October Selection: Travels of a T-Shirt in the Global Economy

At our October 7 meeting we will discuss Richard Smaby’s selection,

Pietra Rivoli, The Travels of a T-Shirt in the Global Economy: An Economist Examines the Markets, Power, and Politics of World Trade. John Wiley & Sons, Second Edition, 2009.


About Ron Boothe

I am a Professor Emeritus at Emory University, currently living in Tacoma Washington USA.
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4 Responses to October Selection: Travels of a T-Shirt in the Global Economy

  1. dorsettrichard says:

    If everyone were to ‘go local’ as businesses like to promote, the economy would collapse in a moment. The T-Shirt book also reminds us of the value of corporations. Yes, indeed. Without them we would be at a standstill. Or worse, only the rich would have access to capital. Looking forward to stirring it up next week.

  2. dorsettrichard says:

    The Travels of a T-shirt in the Global Economy: A Wiseass trapeze artist makes comments.
    I love lobbying and lobbyists. It may be democracy at its finest. Take, for example, the 1st Amendment. Most people read it only so far as it suits them, but go past that last comma. It says, “and to petition the government for a redress of grievances.” I have always figured that’s where us lobbyists fit in that’s really what we do. ‘Petition for redress.’
    If you’ve spent your life building a business or a career or accumulating a small degree of wealth and then a vote in Congress will take it away from you. You need to lobby. To educate your elected officials. To persuade them to do it your way. Nothing wrong with that.
    What alternative is there? Lobbyists represent the experts on issues. No matter the issue, there is an expert. The alternative, as I see it, is that we’d have people making decisions without all the information they need to understand an issue. Or, we’d have congressional staff being the experts and they would be the ones driving the decisions. Or, it could be you. Exercising your right to petition the government. I like that.
    I know what concerns people and it is the role of money in elections and how money drives decisions more than good decision-making. But being in the mix of the competition of ideas and how our government is going to run itself is a cool and messy place to be. This is what we get with self government.
    We are all helped directly by government. I sat in Wenatchee airport one day with Bill Gates Sr. and we talked about this. He said that nobody makes it without government. And by nobody, he was certainly talking about his son and others. Without a banking system, transportation, educated workers, national security, and all that we have, success would not happen. We are all helped by government and its decisions. Sometimes we are harmed by them. And for that we must lobby.
    Looking forward to discussing T-Shirt and King Cotton.

  3. dorsettrichard says:

    Who is this Richard Dorsett? He wonders if there is a ‘general’ section to the blog site. Richard wrote ten essays this summer about his Jordan experience. Here’s one of them. He also wonders, “Do the guys in this group write?” Which is another way of saying, ‘What have you got to say about something?’

    Back on the Tell – A Letter from ‘Umayri
    So much that is ancient is underfoot when one stands on a tell. When you begin a new excavation season you imagine what lies below. To know, you have to dig. A mid-sized tell such as ‘Umayri, where I am working this summer, is a multi-period site that was once sustained by a now-dry spring and was heavily occupied during the bronze and iron ages. We can’t, won’t dig it all up and wouldn’t if we could. Instead, we target key portions of the site and leave the rest for future investigators. This year, on the south side of the site, we laid out a new ‘step trench,’ which is a series of excavation squares lined up to probe and expose ‘Umayri’s occupation history. It will provide answers to some of the questions we have about the history of the site and it will inevitably raise new ones.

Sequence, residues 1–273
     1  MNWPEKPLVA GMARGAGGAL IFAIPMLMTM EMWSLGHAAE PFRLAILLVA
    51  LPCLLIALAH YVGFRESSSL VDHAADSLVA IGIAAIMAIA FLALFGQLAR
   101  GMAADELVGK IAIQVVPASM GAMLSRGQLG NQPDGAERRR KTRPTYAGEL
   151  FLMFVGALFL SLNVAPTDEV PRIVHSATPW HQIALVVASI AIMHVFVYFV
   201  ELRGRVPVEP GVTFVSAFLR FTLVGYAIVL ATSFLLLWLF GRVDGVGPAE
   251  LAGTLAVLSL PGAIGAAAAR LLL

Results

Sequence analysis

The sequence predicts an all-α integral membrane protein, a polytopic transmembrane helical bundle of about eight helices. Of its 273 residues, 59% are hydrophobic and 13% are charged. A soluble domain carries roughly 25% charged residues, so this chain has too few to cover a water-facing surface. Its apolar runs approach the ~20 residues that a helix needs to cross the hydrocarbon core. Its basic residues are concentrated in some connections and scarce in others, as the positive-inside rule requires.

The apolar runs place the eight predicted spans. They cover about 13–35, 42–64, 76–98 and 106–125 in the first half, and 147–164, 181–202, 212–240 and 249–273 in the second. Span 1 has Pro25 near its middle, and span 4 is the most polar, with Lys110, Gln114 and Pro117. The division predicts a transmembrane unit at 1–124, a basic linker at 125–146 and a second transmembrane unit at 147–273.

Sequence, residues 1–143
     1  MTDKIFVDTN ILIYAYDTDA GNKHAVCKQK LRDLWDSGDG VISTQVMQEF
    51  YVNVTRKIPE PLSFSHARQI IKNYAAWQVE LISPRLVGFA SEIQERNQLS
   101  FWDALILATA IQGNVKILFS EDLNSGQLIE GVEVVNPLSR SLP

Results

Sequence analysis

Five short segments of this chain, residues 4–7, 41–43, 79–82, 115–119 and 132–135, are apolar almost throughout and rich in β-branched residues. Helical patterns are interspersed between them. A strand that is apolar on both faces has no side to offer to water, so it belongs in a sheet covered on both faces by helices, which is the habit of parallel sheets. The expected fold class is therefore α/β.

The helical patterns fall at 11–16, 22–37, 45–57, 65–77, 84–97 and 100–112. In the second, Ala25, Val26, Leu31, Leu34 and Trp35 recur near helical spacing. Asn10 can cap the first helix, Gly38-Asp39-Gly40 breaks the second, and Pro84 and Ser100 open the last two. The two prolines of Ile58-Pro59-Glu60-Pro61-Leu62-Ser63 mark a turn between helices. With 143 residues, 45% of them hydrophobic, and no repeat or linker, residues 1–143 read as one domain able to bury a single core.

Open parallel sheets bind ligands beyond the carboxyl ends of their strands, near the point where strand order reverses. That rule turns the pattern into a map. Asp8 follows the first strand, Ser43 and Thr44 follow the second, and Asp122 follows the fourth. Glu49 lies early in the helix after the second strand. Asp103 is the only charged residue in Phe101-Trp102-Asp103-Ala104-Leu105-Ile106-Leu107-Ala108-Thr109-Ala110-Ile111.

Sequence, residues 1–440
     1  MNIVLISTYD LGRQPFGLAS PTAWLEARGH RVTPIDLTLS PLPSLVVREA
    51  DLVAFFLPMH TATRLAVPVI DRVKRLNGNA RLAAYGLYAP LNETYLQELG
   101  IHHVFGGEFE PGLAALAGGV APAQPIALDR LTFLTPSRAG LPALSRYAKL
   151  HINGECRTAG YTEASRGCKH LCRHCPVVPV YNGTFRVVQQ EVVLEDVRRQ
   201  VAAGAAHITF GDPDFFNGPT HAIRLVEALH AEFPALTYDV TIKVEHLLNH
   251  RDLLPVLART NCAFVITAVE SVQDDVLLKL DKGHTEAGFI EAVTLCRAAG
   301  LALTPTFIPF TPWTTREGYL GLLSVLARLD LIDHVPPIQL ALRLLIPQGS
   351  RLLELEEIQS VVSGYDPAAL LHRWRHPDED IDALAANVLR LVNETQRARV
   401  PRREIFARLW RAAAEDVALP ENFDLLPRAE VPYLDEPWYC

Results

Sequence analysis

I am fond of ‘Umayri. It was identified as ancient by an explorer in 1876, but then went unnoticed by archaeologists for the next century. It’s a good-sized tell, but until the modern highway to Jordan’s Queen Alia Airport was built, it was surrounded by other natural hills and missed by archaeologists until our regional survey team re-identified it in 1976. Digging began in 1984 and this is now the fifteenth season that our team has excavated ‘Umayri. (A dig season typically lasts 5-6 weeks and occurs about every other year.)
    An archaeological excavation demands gear and supplies, perhaps more than you might think; and our first task is always to unpack the storeroom, sort it out and arrange it so that it can be put to use when our team arrives. I had hoped a suitcase Daughter Kate and I had stored in 2002 would be around, but after a decade its contents were offered to local workers. Not an unreasonable fate, but I wish our Frisbees had survived. I had better hopes for the guitar I left behind and even brought new strings for it, but alas, it too went to a new home. When I arrived a crew had already been hired to haul the heavy tools from their third floor storage. It’s a lousy piece of work to carry sheets of plywood we’ll use for tables down flights of stairs. Lots to be hauled: crates, cups, crimpers, a photo drone (drones are in all of our futures), guffahs (buckets from recycled tires), handpicks, mesh bags, nails, string, tags, knee pads, graph paper, rulers, brushes, paper bags, clothespins, rubber bands, tables, dustpans, work gloves, clipboards, toilet paper (lots), trowels, pencils, computer routers with all their supplies and wires, sledgehammers, rebar, buckets, plastic baskets, plumb bobs, sifts (we sift all that we dig), counters (to keep track of the number of buckets excavated), hoes, shovels, lights, teapots, first aid supplies, a basketball, notebooks, iPads (yes, we enter data electronically now), metric tape measurers, and zipties. You get the idea, there’s a lot of detail that goes into our dig.